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    Ok so I think I've got an answer for it.

    I was told that 2 particles collided.

    Particle A:
    mass = 10kg
    initial velocity = 500 m/s
    final(after collision) velocity = 300m/s
    Angle of 35degrees from original path after collision


    Particle B
    mass = 8kg
    no initial velocity is given, I assume it is 0.
    we need to workout the final velocity.


    However, as this is in 2 dimensions should my answer be 2 values? A value for the velocity of particle B in the Y direction and in the X direction?

    Also, to check I am on the right lines, I worked out the 2 velocities for B using the momentum equation, ie P=mv???
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    (Original post by Et Tu, Brute?)
    Ok so I think I've got an answer for it.

    I was told that 2 particles collided.

    Particle A:
    mass = 10kg
    initial velocity = 500 m/s
    final(after collision) velocity = 300m/s
    Angle of 35degrees from original path after collision


    Particle B
    mass = 8kg
    no initial velocity is given, I assume it is 0.
    we need to workout the final velocity.


    However, as this is in 2 dimensions should my answer be 2 values? A value for the velocity of particle B in the Y direction and in the X direction?

    Also, to check I am on the right lines, I worked out the 2 velocities for B using the momentum equation, ie P=mv???
    I would resolve everything into an x- and y-direction and then combine them to get a vector for your final answer, e.g. a final velocity of V m/s at theta degrees.
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    (Original post by Smack)
    I would resolve everything into an x- and y-direction and then combine them to get a vector for your final answer, e.g. a final velocity of V m/s at theta degrees.
    OK, so just a quick question.

    A video I watched on it stated that the angle B (beta) would be larger than the angle \alpha because particle B is displaced more than particle A in the Y (-ve Y for that matter) direction. However the angle I calculated for B is considerable smaller than the angle of particle A after the collision.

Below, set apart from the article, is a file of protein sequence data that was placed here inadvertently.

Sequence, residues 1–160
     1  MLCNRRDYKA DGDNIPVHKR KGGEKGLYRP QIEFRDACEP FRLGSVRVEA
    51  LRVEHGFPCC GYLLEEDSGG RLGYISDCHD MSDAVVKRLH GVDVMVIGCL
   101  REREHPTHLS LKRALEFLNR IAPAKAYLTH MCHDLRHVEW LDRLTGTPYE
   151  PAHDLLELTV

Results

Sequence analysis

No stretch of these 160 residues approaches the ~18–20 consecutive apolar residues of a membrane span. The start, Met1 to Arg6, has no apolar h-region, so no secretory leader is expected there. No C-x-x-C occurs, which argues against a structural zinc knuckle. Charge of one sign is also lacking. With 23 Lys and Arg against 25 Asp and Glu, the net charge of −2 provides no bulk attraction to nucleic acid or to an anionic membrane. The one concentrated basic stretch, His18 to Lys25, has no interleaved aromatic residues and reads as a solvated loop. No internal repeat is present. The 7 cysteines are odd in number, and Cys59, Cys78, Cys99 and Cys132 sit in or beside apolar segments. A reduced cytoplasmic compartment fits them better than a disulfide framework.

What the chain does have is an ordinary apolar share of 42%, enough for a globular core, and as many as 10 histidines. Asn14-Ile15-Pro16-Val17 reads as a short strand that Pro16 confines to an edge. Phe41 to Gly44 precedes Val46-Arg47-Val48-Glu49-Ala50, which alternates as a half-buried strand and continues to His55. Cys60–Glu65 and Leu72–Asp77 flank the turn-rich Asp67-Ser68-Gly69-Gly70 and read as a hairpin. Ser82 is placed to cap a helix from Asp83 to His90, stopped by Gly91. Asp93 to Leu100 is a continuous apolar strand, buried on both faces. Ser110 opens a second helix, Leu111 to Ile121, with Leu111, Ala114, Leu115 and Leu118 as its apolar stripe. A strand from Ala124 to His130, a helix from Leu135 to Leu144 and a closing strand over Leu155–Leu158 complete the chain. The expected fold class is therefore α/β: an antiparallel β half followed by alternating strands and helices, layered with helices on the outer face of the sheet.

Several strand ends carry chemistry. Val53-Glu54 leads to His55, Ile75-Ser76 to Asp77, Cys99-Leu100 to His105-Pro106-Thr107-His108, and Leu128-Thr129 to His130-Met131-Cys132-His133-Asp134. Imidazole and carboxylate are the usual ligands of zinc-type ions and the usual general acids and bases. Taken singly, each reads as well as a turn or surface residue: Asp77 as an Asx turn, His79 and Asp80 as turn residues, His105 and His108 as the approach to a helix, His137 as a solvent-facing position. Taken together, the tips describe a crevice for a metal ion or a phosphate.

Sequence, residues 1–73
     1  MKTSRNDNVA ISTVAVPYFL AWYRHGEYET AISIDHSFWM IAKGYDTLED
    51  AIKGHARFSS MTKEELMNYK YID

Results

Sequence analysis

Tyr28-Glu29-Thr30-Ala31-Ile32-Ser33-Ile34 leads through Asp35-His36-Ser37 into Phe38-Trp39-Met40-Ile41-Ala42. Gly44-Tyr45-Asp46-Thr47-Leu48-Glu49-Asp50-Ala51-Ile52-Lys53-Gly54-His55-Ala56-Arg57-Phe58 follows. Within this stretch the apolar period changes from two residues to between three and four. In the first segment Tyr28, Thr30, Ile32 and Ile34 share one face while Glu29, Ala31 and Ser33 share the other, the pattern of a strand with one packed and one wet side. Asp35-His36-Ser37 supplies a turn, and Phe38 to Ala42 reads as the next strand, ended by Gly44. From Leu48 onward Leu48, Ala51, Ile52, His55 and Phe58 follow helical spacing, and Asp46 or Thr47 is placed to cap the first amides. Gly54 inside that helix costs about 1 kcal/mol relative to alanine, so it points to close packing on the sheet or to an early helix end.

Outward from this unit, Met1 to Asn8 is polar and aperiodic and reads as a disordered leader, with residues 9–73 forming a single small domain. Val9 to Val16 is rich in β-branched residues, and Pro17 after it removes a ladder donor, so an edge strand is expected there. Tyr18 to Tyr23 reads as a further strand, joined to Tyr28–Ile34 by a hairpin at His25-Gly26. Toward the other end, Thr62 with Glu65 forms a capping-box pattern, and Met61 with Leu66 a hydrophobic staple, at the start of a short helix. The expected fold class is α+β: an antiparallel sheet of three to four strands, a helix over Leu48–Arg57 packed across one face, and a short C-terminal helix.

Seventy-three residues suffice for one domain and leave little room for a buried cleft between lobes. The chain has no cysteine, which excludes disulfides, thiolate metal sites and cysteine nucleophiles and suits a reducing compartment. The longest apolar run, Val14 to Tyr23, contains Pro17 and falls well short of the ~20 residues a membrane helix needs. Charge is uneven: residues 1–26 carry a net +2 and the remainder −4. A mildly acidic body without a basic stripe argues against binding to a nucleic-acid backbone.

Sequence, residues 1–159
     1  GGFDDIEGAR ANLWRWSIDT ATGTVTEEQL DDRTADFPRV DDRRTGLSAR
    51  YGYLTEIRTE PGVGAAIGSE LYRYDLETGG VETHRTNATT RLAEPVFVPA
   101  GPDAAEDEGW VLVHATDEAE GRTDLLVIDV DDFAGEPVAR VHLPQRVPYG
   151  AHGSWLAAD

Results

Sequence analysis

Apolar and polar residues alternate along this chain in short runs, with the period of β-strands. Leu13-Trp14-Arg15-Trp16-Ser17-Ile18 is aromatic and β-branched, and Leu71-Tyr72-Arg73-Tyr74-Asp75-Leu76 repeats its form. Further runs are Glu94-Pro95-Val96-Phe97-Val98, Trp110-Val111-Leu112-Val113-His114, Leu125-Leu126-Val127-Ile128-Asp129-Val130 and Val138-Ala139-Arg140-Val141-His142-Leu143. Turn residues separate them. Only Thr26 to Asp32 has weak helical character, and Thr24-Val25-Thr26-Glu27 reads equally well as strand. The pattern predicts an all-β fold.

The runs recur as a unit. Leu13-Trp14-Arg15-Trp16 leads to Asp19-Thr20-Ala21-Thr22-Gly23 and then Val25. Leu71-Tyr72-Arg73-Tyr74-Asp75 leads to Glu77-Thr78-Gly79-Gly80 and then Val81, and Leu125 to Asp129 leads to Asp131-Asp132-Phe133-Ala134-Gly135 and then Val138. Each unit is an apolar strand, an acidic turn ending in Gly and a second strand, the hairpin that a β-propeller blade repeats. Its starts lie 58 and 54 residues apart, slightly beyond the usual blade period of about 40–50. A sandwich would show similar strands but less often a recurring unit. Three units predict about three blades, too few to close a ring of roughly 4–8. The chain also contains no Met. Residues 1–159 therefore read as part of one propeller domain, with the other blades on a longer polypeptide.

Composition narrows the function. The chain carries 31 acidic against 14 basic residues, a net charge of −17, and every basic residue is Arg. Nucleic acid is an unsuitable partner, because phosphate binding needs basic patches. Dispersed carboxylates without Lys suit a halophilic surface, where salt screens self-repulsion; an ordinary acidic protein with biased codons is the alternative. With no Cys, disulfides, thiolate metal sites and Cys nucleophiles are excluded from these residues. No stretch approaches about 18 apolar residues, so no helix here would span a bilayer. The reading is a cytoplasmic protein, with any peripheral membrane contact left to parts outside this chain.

Also, in the text book I am using the angle B is smaller and under similar circumstances, A is heavier than B, B is at rest initially etc.

    And my P_{iy} isn't equal to P_{Fy}
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    (Original post by Et Tu, Brute?)
    OK, so just a quick question.

    A video I watched on it stated that the angle B (beta) would be larger than the angle \alpha because particle B is displaced more than particle A in the Y (-ve Y for that matter) direction. However the angle I calculated for B is considerable smaller than the angle of particle A after the collision.

    Also, in the text book I am using the angle B is smaller and under similar circumstances, A is heavier than B, B is at rest initially etc.

    And my P_{iy} isn't equal to P_{Fy}
    It's been almost ten years since I have done collision type stuff so I'm not really sure.

    Have you drawn a diagram?
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    (Original post by Smack)
    It's been almost ten years since I have done collision type stuff so I'm not really sure.

    Have you drawn a diagram?
    Yeah. I can upload pics later.
 
 
 
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